Oat Flour Vegetable Crackers Recipe

We hardly ever have crackers in the house.  Not because I have anything against healthy, wholesome crackers, but because every time I look at them in the grocery store I think to myself “I can make those” and I pass them over.  Then I go home and don’t make them.  Crackers aren’t hard to make, but if you have kids in the house who would eat them like chips given the opportunity, they are hard to keep in stock.

A lot of commercial crackers contain preservatives, artificial color or flavour, and possibly high fructose corn syrup or trans fats.  They are for the most part, just another processed food.  They don’t have to be though.  Tasty crackers can be made from good, wholesome ingredients as well.  This recipe tastes something like vegetable crackers, but the ingredients are much more simple.  Check out Nabisco Vegetable Thins.


NOT good.  MSG, HFCS, Trans fats, artificial color and flavor.  Try this recipe that contains nothing but good, wholesome ingredients!

Homemade vegetable seasoning. Dehydrate then grind the vegetables to a powder. Green onions, zucchini, carrots, tomatoes, peppers, leeks and more!


  • 1 ½  to 1 3/4 c. oat flour
  • 1 ½ Tbsp. brown sugar
  • 2 Tbsp. vegetable seasoning
  • 1 Tbsp. sesame seeds
  •  ½ tsp. salt
  • ¼ tsp. paprika
  • 4 Tbsp. butter
  • ¼ c. water
  • ¼ tsp. vanilla
  • salt to sprinkle on top


  1. Preheat oven to 400F.
  2. Whisk first  6 ingredients together.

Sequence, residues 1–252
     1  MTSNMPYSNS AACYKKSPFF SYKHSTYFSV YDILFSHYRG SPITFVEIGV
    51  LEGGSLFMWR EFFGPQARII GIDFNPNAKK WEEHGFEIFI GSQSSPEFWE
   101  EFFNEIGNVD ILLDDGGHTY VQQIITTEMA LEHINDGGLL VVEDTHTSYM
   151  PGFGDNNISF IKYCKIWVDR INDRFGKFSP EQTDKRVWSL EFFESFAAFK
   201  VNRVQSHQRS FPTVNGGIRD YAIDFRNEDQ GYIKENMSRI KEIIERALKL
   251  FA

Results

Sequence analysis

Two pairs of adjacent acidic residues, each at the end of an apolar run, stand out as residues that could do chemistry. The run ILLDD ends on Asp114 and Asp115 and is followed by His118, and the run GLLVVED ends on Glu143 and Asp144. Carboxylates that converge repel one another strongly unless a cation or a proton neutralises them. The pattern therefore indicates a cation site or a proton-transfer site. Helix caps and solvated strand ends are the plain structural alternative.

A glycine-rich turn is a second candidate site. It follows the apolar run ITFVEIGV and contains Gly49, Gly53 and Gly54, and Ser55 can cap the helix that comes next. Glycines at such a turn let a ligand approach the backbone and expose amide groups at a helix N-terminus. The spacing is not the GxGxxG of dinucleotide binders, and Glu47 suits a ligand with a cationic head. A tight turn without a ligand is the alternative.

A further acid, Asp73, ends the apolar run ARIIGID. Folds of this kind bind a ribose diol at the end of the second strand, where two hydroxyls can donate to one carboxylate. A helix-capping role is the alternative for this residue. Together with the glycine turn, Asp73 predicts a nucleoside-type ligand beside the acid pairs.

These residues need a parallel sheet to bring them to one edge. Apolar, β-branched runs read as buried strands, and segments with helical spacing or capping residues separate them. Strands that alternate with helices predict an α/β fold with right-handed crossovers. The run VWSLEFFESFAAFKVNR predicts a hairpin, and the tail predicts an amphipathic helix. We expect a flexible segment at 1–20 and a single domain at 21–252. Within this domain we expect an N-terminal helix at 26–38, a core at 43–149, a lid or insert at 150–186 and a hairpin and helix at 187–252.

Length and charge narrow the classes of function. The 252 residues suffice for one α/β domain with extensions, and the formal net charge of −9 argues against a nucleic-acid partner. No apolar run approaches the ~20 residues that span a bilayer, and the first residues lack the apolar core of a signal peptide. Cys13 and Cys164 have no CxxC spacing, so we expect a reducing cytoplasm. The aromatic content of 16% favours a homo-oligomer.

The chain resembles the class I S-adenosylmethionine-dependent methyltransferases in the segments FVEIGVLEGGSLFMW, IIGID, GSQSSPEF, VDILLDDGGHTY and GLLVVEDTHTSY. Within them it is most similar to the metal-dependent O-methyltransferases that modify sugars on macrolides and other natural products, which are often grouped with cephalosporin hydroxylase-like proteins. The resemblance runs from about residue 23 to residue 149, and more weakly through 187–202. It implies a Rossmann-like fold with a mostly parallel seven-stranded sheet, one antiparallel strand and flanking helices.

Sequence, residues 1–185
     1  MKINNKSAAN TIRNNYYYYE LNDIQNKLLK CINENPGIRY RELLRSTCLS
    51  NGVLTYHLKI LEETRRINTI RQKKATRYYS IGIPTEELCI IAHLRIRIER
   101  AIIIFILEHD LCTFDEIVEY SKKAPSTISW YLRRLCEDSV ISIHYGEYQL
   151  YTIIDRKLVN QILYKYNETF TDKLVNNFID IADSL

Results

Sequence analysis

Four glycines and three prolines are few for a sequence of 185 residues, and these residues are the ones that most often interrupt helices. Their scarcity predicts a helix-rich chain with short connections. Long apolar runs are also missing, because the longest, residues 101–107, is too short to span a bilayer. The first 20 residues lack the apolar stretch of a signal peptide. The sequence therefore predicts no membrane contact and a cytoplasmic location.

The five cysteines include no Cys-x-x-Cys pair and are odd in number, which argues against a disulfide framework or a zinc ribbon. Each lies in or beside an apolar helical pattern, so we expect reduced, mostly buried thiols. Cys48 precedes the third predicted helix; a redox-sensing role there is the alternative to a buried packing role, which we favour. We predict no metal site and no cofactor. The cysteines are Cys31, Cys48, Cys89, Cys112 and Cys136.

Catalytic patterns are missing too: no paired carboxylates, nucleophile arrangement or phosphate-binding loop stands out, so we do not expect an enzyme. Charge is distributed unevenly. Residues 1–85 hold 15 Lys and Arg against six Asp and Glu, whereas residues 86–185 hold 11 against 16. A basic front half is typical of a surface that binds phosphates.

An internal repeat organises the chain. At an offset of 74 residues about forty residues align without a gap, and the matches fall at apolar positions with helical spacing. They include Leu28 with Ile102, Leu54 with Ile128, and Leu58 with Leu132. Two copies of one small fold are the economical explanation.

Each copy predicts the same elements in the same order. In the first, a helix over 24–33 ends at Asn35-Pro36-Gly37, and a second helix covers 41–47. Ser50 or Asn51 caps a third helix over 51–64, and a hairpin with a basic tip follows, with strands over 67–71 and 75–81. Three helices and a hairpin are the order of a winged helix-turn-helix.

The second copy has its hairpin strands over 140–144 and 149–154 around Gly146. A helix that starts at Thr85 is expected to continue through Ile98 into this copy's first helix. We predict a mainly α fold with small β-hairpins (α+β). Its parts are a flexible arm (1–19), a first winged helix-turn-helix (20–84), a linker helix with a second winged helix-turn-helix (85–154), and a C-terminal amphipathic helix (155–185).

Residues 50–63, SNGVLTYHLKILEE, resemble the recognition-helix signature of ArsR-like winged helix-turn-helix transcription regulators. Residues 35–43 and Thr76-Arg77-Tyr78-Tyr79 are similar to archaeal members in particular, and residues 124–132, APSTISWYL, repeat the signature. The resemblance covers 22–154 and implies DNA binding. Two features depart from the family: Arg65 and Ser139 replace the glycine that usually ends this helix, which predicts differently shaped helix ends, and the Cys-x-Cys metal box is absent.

3. Cut butter into dry mixture with a pastry cutter until it is pea-sized and crumbly.
  4. Mix water and vanilla together.  Toss into dry mixture with a fork until dough makes a ball.  If dough is too sticky add more flour by the Tbsp. as needed.
  5. With a sheet of parchment paper over top, roll out dough on a baking stone (or on any cookie sheet, but with parchment underneath as well.)  Roll as thin as you can.
  6. Sprinkle with salt as desired.
  7. Cut into squares.
  8. Bake at 400F for about 8-10 minutes or until crackers are starting to turn golden and getting firmer.  Don’t bake them so long they crumble!
  9. Cool a few minutes on baking sheet then using a metal flipper, transfer to cooling rack and cool fully.


  • This recipe can be made with whole wheat or spelt flour in place of oat flour.
  • To make a plainer version of this cracker omit the vegetable seasoning and sesame seeds.
  • I make my own vegetable seasoning by dehydrating and then blending to a powder vegetables such as green onions, carrots, tomatoes, peppers, zucchini and more.

Adapted from Kitchen Stewardship’s Cracker Recipe.

This post has been shared on The Morristribe’s Homesteader Carnival #17.

Raising Our Own Food in a Food-Dependent Society.

Vegetables from our garden.

Before we had kids we were pretty mainstream.  We bought the products we saw advertised.  We ate our (non-organic) vegetables.  We shopped for the best deals.  We cleaned with harsh cleaners.  We threw away our plastic and pretty much happily lived our life with our heads in the sand.  Until we decided to have children.  And couldn’t.